IP in 480

Great discussion today in 480 to kick off our IP week! While I’ve done my homework as far as IP is concerned, I’m not an expert by any means, so I look to external resources for help. For those looking for more background, try my del.icio.us. The Stanford Fair Use site which Jason brought up today is super, and it covers far more than fair use. Or you can go right to the source.

Try a Google search for “copyright resource” on .edu sites; this will turn up a lot of university copyright centers. These folks often have good introductory stuff online.

As an aside, I want to ask Julie and other folks who have had success nuking Blogger spam to comment a bit (or email me) about how they did it; a few people are still having problems, and I want to help them out. (Update 10/18: This isn’t just us; Mark Cuban writes about Blogger spam problems; as does Netcraft.)

This entry was posted in 480. Bookmark the permalink.

7 Responses to IP in 480

  1. Julie Veile says:

    I mainly just followed the suggestions you gave me to reduce/stop getting spam on my blog on Blogger.com.

    1) On Blogger.com, go into “Settings” and then pick the tab “Comments.” Under “Who Can Comment?” select “Only Registered Users.” This obviously means that anonymous users will not be able to comment on your blog. (So, if your friends don’t have a blogger account, they won’t be able to comment.)

    2) Scroll down further on that page to the question that asks, “Show Word Verification for Comments?” Select YES and this will add a captcha (the thing where people have to copy a series of letters) onto your comment screen. So, bots shouldn’t be able to comment on your page, because they can’t copy letters.

    *MAKE SURE TO SAVE YOUR CHANGES!*

    3) If you get spam on your blog, delete it! There should be a little garbage can icon next to everyone’s comments, and you don’t have to keep the ones you don’t want. This won’t stop spam, but it will keep it from annoying you, I guess.

    Good luck!

  2. JMercury says:

    I agree, I guess today was pretty exciting, the discussion was lively, people were taking numbers. It’s too bad the group is not as lively all the time. CBD, I’m glad you were excited about today, after your previous entry I hope things start to evolve.

    peace

  3. Kate says:

    The main way I got rid of them was through the word verification. It’s kind of a pain sometimes, but it has really helped. I haven’t got any spam since I put it on there almost from the first spam comment.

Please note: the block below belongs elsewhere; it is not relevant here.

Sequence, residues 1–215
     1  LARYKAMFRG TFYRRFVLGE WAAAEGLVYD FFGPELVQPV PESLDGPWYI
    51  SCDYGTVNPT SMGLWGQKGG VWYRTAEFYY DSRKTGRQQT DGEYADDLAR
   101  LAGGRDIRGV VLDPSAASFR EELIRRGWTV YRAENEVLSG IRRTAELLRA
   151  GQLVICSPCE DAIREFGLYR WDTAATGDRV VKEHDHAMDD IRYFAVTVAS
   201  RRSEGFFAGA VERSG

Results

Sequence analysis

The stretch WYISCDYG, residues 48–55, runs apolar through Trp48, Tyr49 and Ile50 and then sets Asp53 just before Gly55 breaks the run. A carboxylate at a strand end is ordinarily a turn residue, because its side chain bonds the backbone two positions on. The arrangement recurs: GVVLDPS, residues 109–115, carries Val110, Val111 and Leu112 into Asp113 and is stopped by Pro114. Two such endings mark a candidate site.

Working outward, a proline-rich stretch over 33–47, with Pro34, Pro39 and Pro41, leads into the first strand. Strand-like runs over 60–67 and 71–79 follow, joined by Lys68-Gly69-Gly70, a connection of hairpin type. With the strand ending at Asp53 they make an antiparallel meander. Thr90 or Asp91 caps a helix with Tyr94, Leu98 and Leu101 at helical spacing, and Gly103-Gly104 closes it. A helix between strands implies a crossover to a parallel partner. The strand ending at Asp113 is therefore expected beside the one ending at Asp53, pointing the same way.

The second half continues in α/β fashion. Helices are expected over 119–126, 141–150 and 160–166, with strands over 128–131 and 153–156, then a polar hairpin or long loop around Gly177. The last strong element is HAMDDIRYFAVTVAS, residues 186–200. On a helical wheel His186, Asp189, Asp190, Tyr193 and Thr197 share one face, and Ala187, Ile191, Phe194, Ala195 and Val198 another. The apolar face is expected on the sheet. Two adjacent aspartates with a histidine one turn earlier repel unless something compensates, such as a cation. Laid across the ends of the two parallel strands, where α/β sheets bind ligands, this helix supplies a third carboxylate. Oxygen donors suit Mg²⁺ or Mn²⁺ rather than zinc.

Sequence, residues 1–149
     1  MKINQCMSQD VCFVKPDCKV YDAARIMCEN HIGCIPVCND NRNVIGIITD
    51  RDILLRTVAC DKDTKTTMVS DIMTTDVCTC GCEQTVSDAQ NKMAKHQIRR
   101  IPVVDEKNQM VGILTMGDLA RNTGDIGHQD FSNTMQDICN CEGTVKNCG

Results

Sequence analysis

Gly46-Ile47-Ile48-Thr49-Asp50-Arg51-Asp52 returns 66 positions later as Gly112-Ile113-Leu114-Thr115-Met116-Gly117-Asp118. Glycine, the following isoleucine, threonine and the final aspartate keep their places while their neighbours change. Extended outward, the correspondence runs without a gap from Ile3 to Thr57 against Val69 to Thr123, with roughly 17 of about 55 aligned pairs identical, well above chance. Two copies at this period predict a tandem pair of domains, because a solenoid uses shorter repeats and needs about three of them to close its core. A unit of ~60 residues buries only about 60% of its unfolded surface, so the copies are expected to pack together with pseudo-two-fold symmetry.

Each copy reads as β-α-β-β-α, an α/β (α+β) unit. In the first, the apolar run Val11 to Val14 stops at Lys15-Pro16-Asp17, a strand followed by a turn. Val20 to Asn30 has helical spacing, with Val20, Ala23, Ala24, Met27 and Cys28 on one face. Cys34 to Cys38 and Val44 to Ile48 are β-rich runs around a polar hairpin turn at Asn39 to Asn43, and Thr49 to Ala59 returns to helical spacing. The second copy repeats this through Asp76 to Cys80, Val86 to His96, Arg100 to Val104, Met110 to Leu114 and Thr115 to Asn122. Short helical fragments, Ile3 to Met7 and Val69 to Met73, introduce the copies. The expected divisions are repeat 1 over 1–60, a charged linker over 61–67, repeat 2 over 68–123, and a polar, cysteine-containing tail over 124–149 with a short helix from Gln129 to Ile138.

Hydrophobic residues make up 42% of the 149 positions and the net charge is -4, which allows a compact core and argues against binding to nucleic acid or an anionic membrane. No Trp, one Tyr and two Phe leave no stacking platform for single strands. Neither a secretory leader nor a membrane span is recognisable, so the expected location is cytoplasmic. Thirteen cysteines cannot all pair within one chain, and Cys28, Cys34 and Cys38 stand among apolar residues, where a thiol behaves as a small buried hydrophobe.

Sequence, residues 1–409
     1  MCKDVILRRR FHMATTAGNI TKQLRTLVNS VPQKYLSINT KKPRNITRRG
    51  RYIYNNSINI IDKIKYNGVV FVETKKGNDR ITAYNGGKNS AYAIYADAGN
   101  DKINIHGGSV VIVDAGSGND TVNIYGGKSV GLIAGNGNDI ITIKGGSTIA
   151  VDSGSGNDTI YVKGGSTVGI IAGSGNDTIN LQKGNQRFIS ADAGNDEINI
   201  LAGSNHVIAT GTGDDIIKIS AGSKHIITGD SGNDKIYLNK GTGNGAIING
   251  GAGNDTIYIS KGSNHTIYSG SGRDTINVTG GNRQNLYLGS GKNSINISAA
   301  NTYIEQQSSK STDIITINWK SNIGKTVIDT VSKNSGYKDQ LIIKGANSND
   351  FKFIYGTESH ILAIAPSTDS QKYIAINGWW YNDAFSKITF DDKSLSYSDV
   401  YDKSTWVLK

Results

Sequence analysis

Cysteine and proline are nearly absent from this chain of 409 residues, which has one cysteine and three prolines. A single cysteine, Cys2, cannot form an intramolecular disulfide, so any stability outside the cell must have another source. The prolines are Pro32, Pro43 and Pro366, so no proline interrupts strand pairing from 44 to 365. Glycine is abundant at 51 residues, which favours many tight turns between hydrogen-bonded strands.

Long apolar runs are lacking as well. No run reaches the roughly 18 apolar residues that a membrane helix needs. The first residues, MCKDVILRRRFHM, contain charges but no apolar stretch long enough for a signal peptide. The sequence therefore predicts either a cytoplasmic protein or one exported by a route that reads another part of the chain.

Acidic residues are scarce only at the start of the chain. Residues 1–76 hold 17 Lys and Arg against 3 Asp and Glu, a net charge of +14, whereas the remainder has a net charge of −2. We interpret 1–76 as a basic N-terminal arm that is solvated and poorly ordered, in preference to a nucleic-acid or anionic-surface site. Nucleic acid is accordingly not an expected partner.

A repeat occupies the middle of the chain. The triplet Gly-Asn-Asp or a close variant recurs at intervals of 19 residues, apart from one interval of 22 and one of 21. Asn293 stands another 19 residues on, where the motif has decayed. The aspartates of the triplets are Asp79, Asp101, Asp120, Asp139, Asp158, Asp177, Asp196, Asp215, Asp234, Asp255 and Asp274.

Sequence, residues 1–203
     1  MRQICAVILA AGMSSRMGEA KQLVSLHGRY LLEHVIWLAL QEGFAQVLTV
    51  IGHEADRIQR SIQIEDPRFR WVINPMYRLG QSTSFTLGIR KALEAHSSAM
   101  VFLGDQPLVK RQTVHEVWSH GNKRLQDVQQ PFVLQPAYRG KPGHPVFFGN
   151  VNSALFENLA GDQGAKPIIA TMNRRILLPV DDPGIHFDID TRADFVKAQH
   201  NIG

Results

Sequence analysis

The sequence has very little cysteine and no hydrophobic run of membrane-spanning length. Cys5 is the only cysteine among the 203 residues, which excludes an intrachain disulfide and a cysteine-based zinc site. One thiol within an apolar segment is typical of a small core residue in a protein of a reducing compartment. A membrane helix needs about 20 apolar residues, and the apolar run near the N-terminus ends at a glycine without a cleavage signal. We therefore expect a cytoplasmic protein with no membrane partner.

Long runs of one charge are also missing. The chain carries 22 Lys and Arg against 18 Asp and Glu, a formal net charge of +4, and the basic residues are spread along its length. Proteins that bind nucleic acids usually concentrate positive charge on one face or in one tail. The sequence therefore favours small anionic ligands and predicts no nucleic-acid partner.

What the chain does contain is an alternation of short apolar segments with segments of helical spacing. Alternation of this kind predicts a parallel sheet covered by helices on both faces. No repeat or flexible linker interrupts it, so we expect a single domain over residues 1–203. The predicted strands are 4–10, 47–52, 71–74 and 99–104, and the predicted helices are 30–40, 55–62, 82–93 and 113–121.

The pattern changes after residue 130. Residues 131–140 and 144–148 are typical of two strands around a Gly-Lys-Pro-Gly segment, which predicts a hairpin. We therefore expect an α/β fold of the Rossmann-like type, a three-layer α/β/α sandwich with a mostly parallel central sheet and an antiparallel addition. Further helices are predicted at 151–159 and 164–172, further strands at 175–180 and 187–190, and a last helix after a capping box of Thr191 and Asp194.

4. Nick says:

    Do IP laws work? I read or heard about this kid in highschool who took a large portion of text from a still living writers book. When the writer tried to sue, the kid (or, at least, his lawyer) claimed that the information was all common knowledge. The writer fought, claiming that he was trying to protect his writing style, but lost because the lawyer cited several other writers with a similar style as the suing writer. If you take a passage from my text and a passage from Dilger’s text and passage from each of the other students, can you tell who wrote what? We should experiment in class. I doubt we differ much. In fact, chances are we could put together a very consistent general essay by taking passages from our blogs and slapping them together.

  5. cbd says:

    Julie and Kate, thanks.

    Jason, I’m optimistic: I think we’ll continue to have good conversations, here and in class.

    Nick, I think the short answer is “No” for many people. But we have to ask why it’s no. The RIAA will say “no” because _____ is killing the ____ industry. McLeod, Lessig, etc. would say “no” because of chilling effects on creastors or the continued erosion of the public domain. Etc. Regardless, issues of style, ideas, and expression are all a lot less clearly defined as far as the laws are concerned than they used to be.

  6. Kyle says:

    Is the main point of this open source initiative with regards to software to allow software to evolve and adapt more quickly then in the past? I read an article (http://www.opensource.org/) that talked about how if programmers have the ability to make changes to software that they could fix problems & make improvments to software in a fraction of the time that conventional software developers can. But why is that, what makes open source easier to see problems with software? Is it the fact that more people can make changes to the software? Also if anyone is allowed to modify software than doesn’t that leave the possibility of people making negative changes to software? Is it possible to have semi-open source software?

  7. cbd says:

    Kyle, great questions to talk more about tomorrow. The same questions could be asked for Creative Commons license stuff: does the fact that folks are giving away their blog postings make a difference?

    Briefly, I’ll say I see two advantages to open source: (1) because the code is publicly available, there’s no guessing about what’s in it. You can just look. Without access to code, you have no idea why, for example, a browser has a security hole, or an application keeps crashing. (2) It encourages folks to work together. Why reinvent the wheel, when you can just get someone else’s wheel?

Comments are closed.